Basharat Bashir

Why do we struggle?

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From time to time, we come across news of artworks fetching millions of dollars, leaving us wondering what sets these creations apart from our own. Intrigued, we delve into the artist’s background, examining their journey and becoming captivated by the eloquent descriptions of their work. We witness them being celebrated for their innovation, creativity, and individuality. However, amid all the admiration, one critical aspect often goes unnoticed – how did the artist sustain themselves before achieving fame and fortune? How did they cover the material costs of their art and fund exhibitions?

Every artist’s journey begins somewhere, and the prominence we see today didn’t manifest overnight. These accomplished artists had to strike a delicate balance between their creative pursuits and financial stability in the early stages of their careers.

The art world, whether in the realm of painting, sculpture, or any other creative discipline, often carries a challenging reputation when it comes to providing artists with a stable income. Many artists graduating from art colleges find themselves facing a perplexing choice between their idealized view of art and the pragmatic need for survival. Sadly, a significant number of art graduates end up in non-artistic professions where their higher degrees seem unrelated to their work. It’s striking to note that less than 10 percent of artists manage to sustain themselves solely through their artistic endeavours. This raises the question: Why do so many artists struggle?

One key factor contributing to the difficulties faced by emerging artists fresh out of colleges and universities is their conditioned mindset. Young artists are often indoctrinated with concepts like “high art” and “low art.” They are led to believe that the success of their work is tied solely to personal fulfilment rather than financial gain. Consequently, artists tend to shy away from strategies to make their work both aesthetically appealing and marketable. Many artists become entrapped in these fantasies and eventually find themselves at a loss when it comes to their artistic careers. They are so deeply entrenched in this indoctrinated mindset that they lose sight of the practical realities of the world.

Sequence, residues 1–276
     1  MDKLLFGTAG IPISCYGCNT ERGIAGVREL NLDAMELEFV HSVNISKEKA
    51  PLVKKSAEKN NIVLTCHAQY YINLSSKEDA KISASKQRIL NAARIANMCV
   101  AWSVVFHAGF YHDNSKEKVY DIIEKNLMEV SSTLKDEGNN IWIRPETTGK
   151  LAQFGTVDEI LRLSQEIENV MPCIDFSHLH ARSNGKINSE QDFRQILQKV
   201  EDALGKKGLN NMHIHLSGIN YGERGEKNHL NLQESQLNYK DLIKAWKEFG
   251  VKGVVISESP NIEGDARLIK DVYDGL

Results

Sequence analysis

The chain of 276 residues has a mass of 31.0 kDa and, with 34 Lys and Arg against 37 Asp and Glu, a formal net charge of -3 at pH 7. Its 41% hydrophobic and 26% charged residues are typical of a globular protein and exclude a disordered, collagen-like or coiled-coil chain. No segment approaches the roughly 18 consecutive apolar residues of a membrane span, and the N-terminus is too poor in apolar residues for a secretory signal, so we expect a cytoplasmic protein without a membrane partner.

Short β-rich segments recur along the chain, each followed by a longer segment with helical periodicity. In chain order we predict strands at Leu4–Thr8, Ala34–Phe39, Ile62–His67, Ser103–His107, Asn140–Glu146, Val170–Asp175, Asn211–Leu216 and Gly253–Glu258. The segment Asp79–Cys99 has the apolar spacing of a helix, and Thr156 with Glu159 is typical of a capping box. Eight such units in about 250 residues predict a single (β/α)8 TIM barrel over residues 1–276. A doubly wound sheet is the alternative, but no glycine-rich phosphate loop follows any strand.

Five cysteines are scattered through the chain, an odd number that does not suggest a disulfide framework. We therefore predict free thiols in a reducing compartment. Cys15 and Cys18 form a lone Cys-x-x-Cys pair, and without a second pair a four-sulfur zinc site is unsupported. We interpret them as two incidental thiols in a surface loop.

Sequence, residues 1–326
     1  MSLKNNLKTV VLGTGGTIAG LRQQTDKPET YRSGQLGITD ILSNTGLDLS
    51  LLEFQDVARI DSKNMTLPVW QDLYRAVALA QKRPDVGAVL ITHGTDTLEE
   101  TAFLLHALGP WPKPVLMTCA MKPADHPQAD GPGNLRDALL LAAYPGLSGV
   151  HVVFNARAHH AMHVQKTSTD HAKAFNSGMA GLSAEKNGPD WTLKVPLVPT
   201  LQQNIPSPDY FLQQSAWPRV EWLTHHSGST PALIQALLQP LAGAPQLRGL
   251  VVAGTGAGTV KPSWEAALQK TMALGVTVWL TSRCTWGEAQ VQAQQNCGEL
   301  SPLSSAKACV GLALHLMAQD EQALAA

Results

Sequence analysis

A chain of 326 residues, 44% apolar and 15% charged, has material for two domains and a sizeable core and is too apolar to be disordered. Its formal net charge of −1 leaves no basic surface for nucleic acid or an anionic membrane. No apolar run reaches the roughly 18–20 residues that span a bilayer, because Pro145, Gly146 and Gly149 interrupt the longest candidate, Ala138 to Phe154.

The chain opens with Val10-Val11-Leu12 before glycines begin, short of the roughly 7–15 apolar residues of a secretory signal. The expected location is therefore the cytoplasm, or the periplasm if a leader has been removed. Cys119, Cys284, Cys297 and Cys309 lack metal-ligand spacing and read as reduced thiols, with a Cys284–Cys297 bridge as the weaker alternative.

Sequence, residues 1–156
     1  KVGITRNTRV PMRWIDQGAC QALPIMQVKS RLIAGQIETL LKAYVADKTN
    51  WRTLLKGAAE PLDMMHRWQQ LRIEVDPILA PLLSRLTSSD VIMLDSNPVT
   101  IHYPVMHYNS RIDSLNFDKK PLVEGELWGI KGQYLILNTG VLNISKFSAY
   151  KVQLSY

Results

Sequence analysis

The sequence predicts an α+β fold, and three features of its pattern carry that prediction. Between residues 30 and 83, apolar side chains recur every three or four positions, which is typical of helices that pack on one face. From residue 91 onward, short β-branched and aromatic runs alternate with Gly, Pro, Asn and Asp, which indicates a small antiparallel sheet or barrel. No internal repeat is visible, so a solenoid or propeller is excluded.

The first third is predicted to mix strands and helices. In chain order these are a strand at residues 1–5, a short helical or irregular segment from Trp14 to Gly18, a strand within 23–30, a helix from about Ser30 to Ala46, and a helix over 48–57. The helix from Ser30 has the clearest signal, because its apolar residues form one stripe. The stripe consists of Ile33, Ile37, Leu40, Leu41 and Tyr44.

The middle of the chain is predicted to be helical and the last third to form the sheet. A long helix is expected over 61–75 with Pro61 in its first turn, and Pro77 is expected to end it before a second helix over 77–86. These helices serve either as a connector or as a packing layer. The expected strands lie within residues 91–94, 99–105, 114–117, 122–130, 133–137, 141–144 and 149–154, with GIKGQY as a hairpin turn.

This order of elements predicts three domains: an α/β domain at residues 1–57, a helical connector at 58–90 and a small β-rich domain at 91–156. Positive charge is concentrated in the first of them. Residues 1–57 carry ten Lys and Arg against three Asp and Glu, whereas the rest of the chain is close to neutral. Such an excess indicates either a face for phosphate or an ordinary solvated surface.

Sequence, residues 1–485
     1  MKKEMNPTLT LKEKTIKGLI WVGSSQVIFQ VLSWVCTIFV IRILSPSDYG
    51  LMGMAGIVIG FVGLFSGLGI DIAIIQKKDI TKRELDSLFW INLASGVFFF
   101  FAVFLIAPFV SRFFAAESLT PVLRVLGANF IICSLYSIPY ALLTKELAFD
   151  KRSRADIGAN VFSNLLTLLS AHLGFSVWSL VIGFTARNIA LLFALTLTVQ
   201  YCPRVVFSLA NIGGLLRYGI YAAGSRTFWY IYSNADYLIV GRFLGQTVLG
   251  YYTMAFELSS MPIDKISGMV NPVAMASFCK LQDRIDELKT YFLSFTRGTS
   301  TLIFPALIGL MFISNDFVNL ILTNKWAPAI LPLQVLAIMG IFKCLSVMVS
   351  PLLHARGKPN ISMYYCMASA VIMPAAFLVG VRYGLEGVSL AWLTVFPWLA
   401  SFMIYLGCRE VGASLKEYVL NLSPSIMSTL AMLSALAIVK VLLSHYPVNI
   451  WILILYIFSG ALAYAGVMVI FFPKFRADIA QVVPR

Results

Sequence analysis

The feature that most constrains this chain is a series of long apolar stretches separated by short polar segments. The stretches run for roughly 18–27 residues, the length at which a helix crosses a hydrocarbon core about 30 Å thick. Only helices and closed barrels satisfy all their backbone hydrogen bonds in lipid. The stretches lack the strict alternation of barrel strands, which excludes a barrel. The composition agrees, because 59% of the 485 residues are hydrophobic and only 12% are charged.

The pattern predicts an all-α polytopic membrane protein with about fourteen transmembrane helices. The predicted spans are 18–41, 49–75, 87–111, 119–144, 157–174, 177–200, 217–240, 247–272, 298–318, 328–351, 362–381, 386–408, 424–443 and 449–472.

This mindset, characterized by beliefs and attitudes acquired through their education, is often shaped by the teachings and guidance of their instructors. While teachers undoubtedly help students develop their creative approach, they sometimes fall short in preparing students for the financial challenges they will encounter once they leave the sheltered environment of the classroom. When individuals choose art as a profession, they must recognize that their livelihood depends on it. They should either be able to sell their artwork or be prepared to explore alternative sources of income that involves their fundamental skill. Not everyone will find employment as an art teacher, and students need to be aware of and explore the diverse possibilities available to them. Some art teachers intentionally or unintentionally often try to convince students that if they attempt to earn money through caricatures, cartoons, or illustration, their creative and innovative work will suffer. However, this is not the case, and no one should discourage budding artists from exploring different forms of art that can benefit them financially. Engaging in commissioned and commercial work that utilizes their fundamental artistic skills will not adversely affect their creative work, in contrast, financial crises certainly can.